So if you are suffering, whether it be big or small, physical or emotional, know that God is sovereign.

He sees you.

Suffering is real.

God knows your situation.

He sees the evil-doer and will act justly.

Know His kindness toward you. He died for your salvation. He is acquainted with suffering. Turn to Him. Cry out to Him. And feel the embrace of His comfort.

Today we addressed the sovereignty of God and suffering. Stay tuned as we wrestle with the questions 1) Is God good? 2) What is the purpose of suffering?



Up in the mountains, away from the busyness of our normal routine, Mark and I got some time to celebrate what the Lord has done in our four and a half years of marriage. God has been so faithful to shape us and mold us, and it is so right to celebrate what He has done in an intentional way.

As we sat and talked, we recounted miracles.

Only Jesus could refine our hearts the way He has over the past four years. Only Jesus could help us love one another well. Jesus is the only one who could create the two little lives He has blessed us with. Only Jesus could lead us to repentance and teach us to forgive one another. And Jesus is the only one who could provide the joy and laughter that we have shared together. God deserves glory! For He has done great things!     

I will remember the deeds of the LORD;

yes, I will remember your wonders of old.

I will ponder all your work,

and meditate on your mighty deeds.

Your way, O God, is holy.

What god is great like our God?

You are the God who works wonders;

you have made known your might among the peoples.

(Psalm 77:11-14 ESV)


Mark and I love Southern Seminary. Mark is currently working towards his MDiv and has had a great experience there. He has taken a number of online classes, and on the occasional Saturday I have been caught listening to his lectures with him. I majored in Biblical Studies in college and can’t seem to help myself. I love learning about the Bible!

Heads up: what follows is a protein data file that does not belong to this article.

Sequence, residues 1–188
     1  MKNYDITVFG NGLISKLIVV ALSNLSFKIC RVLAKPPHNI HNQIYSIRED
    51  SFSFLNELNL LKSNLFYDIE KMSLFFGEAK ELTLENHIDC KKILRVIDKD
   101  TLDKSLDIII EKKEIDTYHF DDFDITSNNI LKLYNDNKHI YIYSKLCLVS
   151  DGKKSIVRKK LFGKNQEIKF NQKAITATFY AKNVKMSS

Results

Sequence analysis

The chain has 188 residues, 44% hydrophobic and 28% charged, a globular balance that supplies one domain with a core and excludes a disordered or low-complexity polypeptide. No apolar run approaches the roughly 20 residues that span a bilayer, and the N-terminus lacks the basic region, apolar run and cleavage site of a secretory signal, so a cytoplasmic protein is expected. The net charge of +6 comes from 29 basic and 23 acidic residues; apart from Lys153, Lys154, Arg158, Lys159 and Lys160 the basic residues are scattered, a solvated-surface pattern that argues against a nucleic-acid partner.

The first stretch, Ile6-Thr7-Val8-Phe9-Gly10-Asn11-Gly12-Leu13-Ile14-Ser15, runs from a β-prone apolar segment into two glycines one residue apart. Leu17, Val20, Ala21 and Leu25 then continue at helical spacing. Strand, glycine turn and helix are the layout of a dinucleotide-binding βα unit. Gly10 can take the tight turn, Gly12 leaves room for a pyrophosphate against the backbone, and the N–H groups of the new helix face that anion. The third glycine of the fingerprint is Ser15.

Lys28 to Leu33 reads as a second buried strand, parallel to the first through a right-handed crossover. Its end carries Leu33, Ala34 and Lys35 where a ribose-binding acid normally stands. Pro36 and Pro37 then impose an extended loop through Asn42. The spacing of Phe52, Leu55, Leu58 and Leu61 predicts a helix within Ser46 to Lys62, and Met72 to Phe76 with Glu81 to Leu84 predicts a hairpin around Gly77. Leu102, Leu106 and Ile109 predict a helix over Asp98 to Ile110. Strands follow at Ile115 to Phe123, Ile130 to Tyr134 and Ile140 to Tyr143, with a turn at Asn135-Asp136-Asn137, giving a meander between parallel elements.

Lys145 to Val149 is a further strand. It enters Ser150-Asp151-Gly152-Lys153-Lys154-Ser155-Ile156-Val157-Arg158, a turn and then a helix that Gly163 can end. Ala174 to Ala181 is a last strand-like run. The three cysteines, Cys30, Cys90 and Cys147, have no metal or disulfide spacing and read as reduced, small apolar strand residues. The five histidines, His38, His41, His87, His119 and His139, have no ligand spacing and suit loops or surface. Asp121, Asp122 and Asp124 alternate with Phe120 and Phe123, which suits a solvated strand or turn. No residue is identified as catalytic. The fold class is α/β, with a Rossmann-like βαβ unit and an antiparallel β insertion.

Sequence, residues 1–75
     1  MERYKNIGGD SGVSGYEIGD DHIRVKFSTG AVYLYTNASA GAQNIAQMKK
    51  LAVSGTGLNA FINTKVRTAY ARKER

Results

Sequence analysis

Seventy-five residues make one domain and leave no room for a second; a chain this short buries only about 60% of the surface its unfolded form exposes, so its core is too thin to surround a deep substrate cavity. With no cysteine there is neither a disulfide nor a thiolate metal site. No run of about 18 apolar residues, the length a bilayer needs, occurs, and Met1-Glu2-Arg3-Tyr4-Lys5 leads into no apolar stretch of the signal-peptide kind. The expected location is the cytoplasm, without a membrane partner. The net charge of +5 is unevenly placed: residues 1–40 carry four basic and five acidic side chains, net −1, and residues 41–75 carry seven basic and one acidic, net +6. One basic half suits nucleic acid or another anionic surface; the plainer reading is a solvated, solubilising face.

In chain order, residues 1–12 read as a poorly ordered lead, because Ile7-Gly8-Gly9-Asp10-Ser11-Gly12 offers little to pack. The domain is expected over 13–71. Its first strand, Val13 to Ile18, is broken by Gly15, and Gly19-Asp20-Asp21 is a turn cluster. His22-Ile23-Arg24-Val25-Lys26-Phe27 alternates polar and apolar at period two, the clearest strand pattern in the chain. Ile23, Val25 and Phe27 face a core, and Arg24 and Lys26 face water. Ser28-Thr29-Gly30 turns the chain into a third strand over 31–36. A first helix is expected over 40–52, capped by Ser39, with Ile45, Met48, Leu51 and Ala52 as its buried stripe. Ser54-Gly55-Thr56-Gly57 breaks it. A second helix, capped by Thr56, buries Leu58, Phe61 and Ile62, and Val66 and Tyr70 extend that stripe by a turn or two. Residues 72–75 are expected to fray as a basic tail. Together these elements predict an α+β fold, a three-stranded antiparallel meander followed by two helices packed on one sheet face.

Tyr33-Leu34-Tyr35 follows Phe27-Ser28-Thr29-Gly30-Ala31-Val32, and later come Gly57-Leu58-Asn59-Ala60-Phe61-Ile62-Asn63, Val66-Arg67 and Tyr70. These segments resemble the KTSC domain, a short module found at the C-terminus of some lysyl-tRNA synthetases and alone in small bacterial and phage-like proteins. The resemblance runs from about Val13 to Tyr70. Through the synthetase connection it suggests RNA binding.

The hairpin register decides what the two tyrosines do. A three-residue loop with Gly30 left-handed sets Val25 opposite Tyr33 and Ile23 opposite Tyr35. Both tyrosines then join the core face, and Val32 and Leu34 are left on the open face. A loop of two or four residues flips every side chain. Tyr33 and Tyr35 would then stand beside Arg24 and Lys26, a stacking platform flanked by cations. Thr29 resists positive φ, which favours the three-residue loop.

A neat opportunity came up through the school in July of 2010. A women’s devotional called A Walk Through Psalms was published in order to help fund more women’s scholarships at Southern Seminary. I had the privilege of contributing to the book. I had so much fun writing the devotion for Valentine’s Day.

I am so excited about how the Lord is using the book. It is encouraging readers and is allowing more women to study God’s word.

To date the devotional has raised $26,000 dollars for scholarships. Southern recently contacted me and the other contributors and asked if we would share about the book. So if you are looking for a yearlong devotional, check out Women at Southern: A Walk Through Psalms. It may be purchased from the LifeWay campus bookstore or by calling 502-897-4506. There are still a few red Women at Southern journals available ($15 value) that are given free (as long as they last) by sending or bringing the receipts to the women’s office, 502-897-4085 or




*Second photo provided by Southern.


At A Crossroads

Imagine a father sitting across from his adolescent son. The father stares deep into his son’s eyes and doesn’t beat around the bush. “Listen to me,” he says with loving intensity.

The boy’s dark eyes lock onto his dad, as he speaks. In the moments that follow this loving father paints a picture for his son that will affect the rest of his life. A crossroad is described. There is no middle road, only two paths going in opposite directions.

The Father colors one road as a path to life. It’s as if the father wants to take his son firmly by the hand and lead him on the path that is secure, a path that will add many days and years to his son’s life.

But before the son can get too comfortable on this described path the father quickly adds black onto the white pages of his son’s mind by sketching another path.  He draws for him, the path of death. This path is smeared with foolishness, selfish desire, and scoffing at correction. The son is left at the crossroads and so are you.